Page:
A state of mutual healing: Witness to the aftermath of apartheid

Nicholas Wright recalls how he returned to South Africa as research for his new play

The priest’s arms end in a pair of shiny metal hooks. His hands were blown off by a letter-bomb sent to him in 1990 by the South African government’s security apparatus. He says, without a trace of self-pity, that the pain was unimaginable.

It’s 2007 and I’m at a meeting in Cape Town of survivors of political violence from the apartheid years. I’ve been invited by the writer, lecturer and psychologist Pumla Gobodo-Madikizela, whose book, A Human Being Died That Night I planned to adapt. The priest is chairman.

From my diary: I meet the widow of a man who was shot dead in a bar in the Eastern Cape. Two apparently black, balaclavaed men walked in and opened fire on the white customers, killing some and wounding many. The widow has never before talked to strangers about the attack. She is bewildered by its randomness. “They were innocent,” she protests. “They were just playing pool and having a drink. It wasn’t even a bar that my husband normally went to.” She has lost everything she ever had: her house, her car. Her husband appears to her repeatedly in dreams. She says to him, “What are you doing here? You’re dead.”

But something has changed. New evidence suggests that the gunmen were not the anti-apartheid combatants that they appeared to be, but white members of a covert government unit, demonstrating the chaos that would ensue if South Africa fell into the hands of the ANC. Not knowing the truth about her husband’s death makes this widow’s agony greater.

I hear the testimony of a robust, dark-skinned woman who was thrown out of her house by the government under the Group Areas Act, the discriminatory Act that ripped the heart out of Cape Town in the 1960s. But the place she was sent to, and where she has lived for the last 40 years, is filled, she says, with kind and neighbourly people. “The government thought they were hurting you,” she adds gently, “but they were sending you to green pastures.” She is a Christian, as are most of the people here.

I listen to the widow of a policeman who was killed in the Motherwell bombing. This was the assassination of three black policeman: an action that plays an important role in Gobodo-Madikizela’s book. Eugene de Kock, whom the book is about, played an active role. The policeman’s widow reports that on the night that de Kock confessed his part in the bombing, she dreamt that she was at her husband’s grave, burying him all over again. This was a good dream, she tells us: it means that her husband’s spirit has settled.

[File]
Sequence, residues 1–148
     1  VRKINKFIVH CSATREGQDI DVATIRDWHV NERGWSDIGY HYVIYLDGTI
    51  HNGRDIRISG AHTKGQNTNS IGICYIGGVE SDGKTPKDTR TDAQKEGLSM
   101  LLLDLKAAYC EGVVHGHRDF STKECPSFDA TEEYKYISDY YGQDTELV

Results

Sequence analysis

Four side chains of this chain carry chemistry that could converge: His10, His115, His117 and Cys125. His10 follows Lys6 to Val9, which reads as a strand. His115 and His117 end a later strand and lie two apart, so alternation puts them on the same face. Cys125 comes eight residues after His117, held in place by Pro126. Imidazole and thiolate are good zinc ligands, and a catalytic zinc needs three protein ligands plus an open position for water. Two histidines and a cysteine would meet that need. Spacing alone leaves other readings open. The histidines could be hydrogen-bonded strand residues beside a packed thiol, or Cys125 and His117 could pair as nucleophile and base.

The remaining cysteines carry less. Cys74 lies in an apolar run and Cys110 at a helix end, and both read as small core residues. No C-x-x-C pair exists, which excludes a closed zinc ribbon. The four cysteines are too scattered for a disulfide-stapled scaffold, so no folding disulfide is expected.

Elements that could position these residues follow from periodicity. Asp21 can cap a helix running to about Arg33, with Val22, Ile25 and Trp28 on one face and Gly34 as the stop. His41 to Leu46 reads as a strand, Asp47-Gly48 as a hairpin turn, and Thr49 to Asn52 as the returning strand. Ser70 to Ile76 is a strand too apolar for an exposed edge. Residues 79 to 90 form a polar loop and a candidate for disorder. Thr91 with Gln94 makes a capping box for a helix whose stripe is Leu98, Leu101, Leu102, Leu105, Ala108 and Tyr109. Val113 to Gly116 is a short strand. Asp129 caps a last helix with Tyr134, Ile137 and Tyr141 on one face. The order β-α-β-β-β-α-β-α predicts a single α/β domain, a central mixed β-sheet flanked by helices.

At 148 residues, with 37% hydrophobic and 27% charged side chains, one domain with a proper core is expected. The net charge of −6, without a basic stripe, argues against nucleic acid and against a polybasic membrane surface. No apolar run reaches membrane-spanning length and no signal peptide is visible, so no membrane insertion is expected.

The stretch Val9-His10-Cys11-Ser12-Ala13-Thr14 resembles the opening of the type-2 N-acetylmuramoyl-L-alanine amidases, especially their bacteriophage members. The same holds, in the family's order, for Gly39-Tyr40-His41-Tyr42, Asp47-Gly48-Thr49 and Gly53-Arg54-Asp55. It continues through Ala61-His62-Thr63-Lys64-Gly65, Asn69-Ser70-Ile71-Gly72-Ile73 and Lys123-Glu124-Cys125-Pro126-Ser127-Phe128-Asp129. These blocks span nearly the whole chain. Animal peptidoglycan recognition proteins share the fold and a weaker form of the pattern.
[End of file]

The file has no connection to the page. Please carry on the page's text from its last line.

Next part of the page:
Eugene De Kock was far from the only state assassin in the apartheid years, nor even the most heinous, but he had the misfortune to be arrested and charged before the Truth and Reconciliation Commission set about its task of absolving the perpetrators of political crimes, provided that they confessed and showed repentance. He was, by this time, a notorious figure, commonly known as “Prime Evil”, and the sentence he received was an exceptional one: two life sentences plus 212 years. Gobodo-Madikizela encountered him first at a TRC hearing, and his testimony so intrigued her that she subsequently interviewed him at length in Pretoria Central Prison, coming away with over 40 hours of recorded tape.

These interviews form the basis of her book, the theme of which is the need for reconciliation in the aftermath of state violence. I came across the book quite randomly in a London bookshop and it bowled me over by its emphasis on forgiveness and on the need to empathise, hard though it may be, with those perpetrators who are lazily labelled “monsters”.

I read the book in a gulp and knew at once that I wanted to turn it into a play. Its message applied, I thought, not only to South Africa, but to every country where state violence has been perpetrated. I also had an intuition that it would make for thrilling theatre. And, as a playwright, I relished the challenge of a play with only two speaking characters, one of whom remains chained to his chair for most of the action.

Earlier this year it travelled to the Fugard Theatre in Cape Town (the town in which I was born and brought up) and the Market Theatre in Johannesburg. There’s a singular pleasure, quite unlike anything else, about having a show of your own playing in your home town. People of all backgrounds thought Jonathan Munby’s direction and the performances of Noma Dumezweni and Matthew Marsh were fantastic, and said that the play spoke truthfully to them which, I realised later, was what I had wanted all along.

‘A Human Being Died That Night’, Hampstead Theatre, London NW3 (020 7722 9301; hampsteadtheatre.com) to 21 June

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